Mid-week we get a look at the nation's balance sheet. The Treasury Department is scheduled to release its monthly statement for May.
A House subcommittee on Communications and Technology holds a hearing on "Media Ownership in the 21st Century."
On Thursday the Commerce Department reports on retail sales for May.
It's a bird...It's a plane...It's the 36th annual Superman Celebration getting underway in Metropolis, Illinois.
And on Friday the Labor Department issues its Producer Price Index for May. That's Friday the 13th. Sounds like a movie rental opportunity.
Lastly, look up in the sky to see the Full Strawberry Moon. The name is related to strawberry harvesting season. Now picture a giant strawberry in the sky.
Farmed fish production will have to more than double by 2050 to keep up with global demand, a report finds. And aquaculture can be far more sustainable than meat production, the researchers say.
Hot off their success in directing Captain America: The Winter Soldier, the Russo brothers are diving into a type of directing not normally associated with creativity, technological innovation, and narrative storytelling. They’re starting a company that makes commercials.
The pair have launched Bullitt, a branded entertainment company that will make long-form commercials with ‘Fast and Furious’ franchise director, Justin Lin. The company is named after the Steve McQueen film from 1968 which they call a great advertisement for Ford Mustang.
Joe and Anthony Russo directed a three and a half minute commercial for Smirnoff Vodka earlier this year. The commercial ran as a 30-second spots on television while the full version was posted online, with the hopes that it would go viral.
The pair has directed commercials since they first got into filmmaking – it was something they did between TV and film projects. “We kind of fell in love with the creative possibilities that you have shooting commercials, “says Anthony. The process is faster than a feature length film or television show and there’s more freedom to be experimental.
The two draw a line between traditional product placement and what they plan to do. Joe points to FX’s Sons of Anarchy as a sort of commercial for Harley Davidson where the product is seamed into the storyline – it’s not overt product placement. “It’s finding new ways to use money to advance creativity.”
And they’re pretty sure advertisers will get on board as services like Netflix get more popular. Joe says, “these are non-advertiser based services, right? So the brands are going to have to find new ways to reach eyeballs.”
When a girl's business got shut down for lack of a license, lawmakers decided the rules went too far. With states regulating so many professions, even consumer groups wonder if they should cut back.
Some 150,000 Allied troops landed in Normandy and began the liberation of France from Nazi occupation during World War II. World leaders, including President Obama, gathered to mark the anniversary.
More on the numbers from the jobs report for May. Plus, despite being a prize-winning horse, California Chrome isn't expected to fetch top dollar. Why bloodline determines price more than prizes. Also, hear what businesses should learn from professional soccer teams when it comes to diversity.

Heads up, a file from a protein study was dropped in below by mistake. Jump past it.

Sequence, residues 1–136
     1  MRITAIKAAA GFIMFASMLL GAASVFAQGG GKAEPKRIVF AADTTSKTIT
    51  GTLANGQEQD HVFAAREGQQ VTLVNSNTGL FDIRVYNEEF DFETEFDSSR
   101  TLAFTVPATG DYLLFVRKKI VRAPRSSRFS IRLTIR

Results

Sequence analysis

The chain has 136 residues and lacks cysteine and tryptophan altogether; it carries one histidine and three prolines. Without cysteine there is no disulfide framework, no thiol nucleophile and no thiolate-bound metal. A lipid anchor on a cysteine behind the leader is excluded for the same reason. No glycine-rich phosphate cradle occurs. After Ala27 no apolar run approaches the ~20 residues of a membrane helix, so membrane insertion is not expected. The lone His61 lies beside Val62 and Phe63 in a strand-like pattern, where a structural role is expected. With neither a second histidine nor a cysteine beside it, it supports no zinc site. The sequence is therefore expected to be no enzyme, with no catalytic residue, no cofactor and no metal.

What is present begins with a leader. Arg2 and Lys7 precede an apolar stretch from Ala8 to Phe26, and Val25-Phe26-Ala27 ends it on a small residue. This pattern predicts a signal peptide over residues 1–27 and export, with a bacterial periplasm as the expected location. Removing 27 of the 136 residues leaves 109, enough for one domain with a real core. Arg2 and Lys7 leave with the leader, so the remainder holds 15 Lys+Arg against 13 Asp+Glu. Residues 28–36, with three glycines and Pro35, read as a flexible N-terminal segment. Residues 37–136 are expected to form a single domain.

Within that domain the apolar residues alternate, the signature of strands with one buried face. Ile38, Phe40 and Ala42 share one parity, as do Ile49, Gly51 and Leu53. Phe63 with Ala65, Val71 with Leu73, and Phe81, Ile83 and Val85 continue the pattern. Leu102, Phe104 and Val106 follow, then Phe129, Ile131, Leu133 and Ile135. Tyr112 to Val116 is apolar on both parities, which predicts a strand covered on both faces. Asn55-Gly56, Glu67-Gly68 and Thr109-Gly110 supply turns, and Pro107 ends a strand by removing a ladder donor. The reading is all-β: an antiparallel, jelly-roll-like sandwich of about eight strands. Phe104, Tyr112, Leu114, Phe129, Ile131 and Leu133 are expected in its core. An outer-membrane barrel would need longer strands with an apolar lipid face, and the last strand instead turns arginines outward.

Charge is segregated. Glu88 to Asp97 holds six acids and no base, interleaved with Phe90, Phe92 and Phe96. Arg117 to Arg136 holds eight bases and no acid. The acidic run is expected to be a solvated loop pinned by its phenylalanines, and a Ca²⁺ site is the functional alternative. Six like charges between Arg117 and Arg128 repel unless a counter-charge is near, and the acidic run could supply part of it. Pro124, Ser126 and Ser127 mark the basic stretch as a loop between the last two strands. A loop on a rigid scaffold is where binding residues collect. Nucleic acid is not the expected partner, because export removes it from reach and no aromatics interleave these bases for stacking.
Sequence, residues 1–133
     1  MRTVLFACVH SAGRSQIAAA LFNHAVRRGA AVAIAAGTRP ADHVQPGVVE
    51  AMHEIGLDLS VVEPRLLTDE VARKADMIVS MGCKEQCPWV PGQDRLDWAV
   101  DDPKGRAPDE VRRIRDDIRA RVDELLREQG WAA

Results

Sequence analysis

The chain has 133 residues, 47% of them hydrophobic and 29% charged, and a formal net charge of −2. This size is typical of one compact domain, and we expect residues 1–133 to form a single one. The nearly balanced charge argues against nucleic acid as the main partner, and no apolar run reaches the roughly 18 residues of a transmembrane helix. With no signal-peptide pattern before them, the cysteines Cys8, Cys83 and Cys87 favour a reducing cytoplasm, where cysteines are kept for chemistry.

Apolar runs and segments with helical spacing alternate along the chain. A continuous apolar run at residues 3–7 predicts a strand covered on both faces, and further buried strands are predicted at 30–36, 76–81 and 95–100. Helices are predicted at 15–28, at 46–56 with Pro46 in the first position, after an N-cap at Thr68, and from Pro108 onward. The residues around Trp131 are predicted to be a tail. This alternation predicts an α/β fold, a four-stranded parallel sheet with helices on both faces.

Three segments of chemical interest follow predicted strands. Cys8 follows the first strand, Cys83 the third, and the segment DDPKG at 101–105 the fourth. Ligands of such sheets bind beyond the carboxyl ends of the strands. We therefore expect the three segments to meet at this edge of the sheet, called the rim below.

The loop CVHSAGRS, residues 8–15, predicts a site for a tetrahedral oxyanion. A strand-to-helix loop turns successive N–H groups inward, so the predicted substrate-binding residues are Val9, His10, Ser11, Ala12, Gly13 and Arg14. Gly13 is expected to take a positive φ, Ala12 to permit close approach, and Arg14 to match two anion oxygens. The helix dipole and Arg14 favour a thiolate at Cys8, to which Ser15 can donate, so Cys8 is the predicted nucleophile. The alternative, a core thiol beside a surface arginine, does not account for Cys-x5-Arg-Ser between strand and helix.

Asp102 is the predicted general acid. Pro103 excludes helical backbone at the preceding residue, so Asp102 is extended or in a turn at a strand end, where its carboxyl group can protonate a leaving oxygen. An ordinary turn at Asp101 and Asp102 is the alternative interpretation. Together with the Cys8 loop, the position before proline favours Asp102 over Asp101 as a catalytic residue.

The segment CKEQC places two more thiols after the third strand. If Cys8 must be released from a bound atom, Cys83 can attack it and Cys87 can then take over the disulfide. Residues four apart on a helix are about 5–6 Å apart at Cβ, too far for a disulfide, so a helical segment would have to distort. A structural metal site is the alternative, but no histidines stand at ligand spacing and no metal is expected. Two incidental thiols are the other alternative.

Seven years ago I stupidly blew all of my savings on a backpacking trip to Asia. I was 26-years old and had planned to come back in three months. Instead I was gone for a year, returning to New York only when I was completely broke and a little tired.
I had a few contacts and started trying to make my way as a freelance writer, but I struggled at first. I was earning a pittance and moved into a crappy apartment with a couple of friends.
A year later I had landed my first full-time journalism job and was making enough to leave the place and the two roommates (who were themselves moving into their own new apartments) and move into a slightly less crappy place with just one. And two years after that, I accepted another new, much better job, which I still have now – and I could finally afford to live alone.
At the risk of sounding like a crank, I've never enjoyed living with others, so I was thrilled that the size of my household had quickly gone from three to two to one.
In a healthy economy, this would be a typical experience shared by many young adults in their 20s and early 30s as they climb their way up the employment ladder.
The economic recovery since the recession of 2008 has been profoundly unhealthy, of course, but especially for young adults. Unemployment for those without college degrees – and that’s a majority – has been brutally high. And a historically big share of recent college graduates have also been forced to accept low-paying jobs for which they’re overqualified. There simply aren’t enough good jobs to absorb them all.
This is a huge deal for the entire economy, and not just for young people.
Think about it this way. Both times that I parted ways with ex-roommates, each of us had to buy some of the usual stuff that goes with moving into a new place: furniture, kitchenware, lighting, cleaning equipment.
When enough people do this, the extra spending on these items gets money flowing through the economy, generating activity in the industries that make them. If a lot of people are moving into new homes at the same time, the construction sector also reacts by building more houses or apartments. And as neighborhoods get more crowded, restaurants and barber shops and laundromats pop up in response to serve the newcomers.
The virtuous cycle means more jobs in those peripheral sectors, higher wages, more people getting their own place, and so on.